Depending on the age of your children, you may want to turn it into a game, such as who can pack certain items the quickest. But for older children, especially teenagers, where they will, very likely, hold this against you, being as communicative with them as possible is the best approach. Of course, this might not be feasible, especially if they plan on shutting themselves away. For these children, the best approach is to get them acquainted with the place.
While it might not be practical to go there due to the distance, you can still do plenty of research online, and get your children involved. Highlight the things there that will make it a better place and show them that it will be better for them in the long run, even if it doesn’t feel like it right now. Depending on your children’s unique tastes, if you’re moving from a small, provincial town, to a big city, one of the things you can highlight is the abundance of choice. There’s going to be so much more for them to do in this new place, and yes, while all their friends are staying behind, and there will be an adjustment period, you can show them that they’ve done this before, they’ve gone from kindergarten to elementary school, and made the even bigger adjustment to high school. So, it’s nothing new to them.
This could be, arguably, and easier transition. Focusing on the positives is one of the more obvious ways to deal with the impending changes for your children, but don’t underestimate the materialistic approach. Of course, our children will feel hurt, that you are taking them away from everything they know, but it’s best not to state those overused platitudes, such as “you’ll make new friends” because you may very well make life more difficult for yourself. Address the fact that they will be struggling, but, not only will they be struggling, you will be too…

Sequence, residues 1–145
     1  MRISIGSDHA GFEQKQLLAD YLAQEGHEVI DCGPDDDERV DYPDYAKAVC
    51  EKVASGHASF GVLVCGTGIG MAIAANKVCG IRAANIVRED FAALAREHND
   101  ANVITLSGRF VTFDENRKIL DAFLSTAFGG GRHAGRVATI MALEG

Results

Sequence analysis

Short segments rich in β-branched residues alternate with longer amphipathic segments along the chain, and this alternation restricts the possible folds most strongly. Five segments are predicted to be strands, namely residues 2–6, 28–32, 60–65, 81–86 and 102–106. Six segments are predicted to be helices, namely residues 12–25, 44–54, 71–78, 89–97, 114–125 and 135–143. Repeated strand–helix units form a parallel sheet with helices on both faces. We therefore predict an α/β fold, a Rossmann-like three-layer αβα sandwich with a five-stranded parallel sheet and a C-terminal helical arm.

Preparing Yourself For Changes
While you may be working hard at preparing your children for the significant changes, it’s important not to neglect yourself. If your children can see that you are struggling with the change, why should they put on a brave face? You could be moving away from everything you know, because your partner has got a lucrative job, and it could be the beginning of a whole new life. Uprooting everything is a difficult process to undergo, and if you are trying to help your children roll with the changes, you need to ensure that you are fully prepared too.
This is why it is important for you to go through the emotions with your children. You may very well feel that your partner is looking at everything positively, but may not have considered you or the children’s feelings. Of course, discussing everything will help to alleviate certain fears, but also, if your children are old enough to notice that there is something wrong with you, and you’re not feeling 100% enthusiastic about this, you’re not fooling anyone.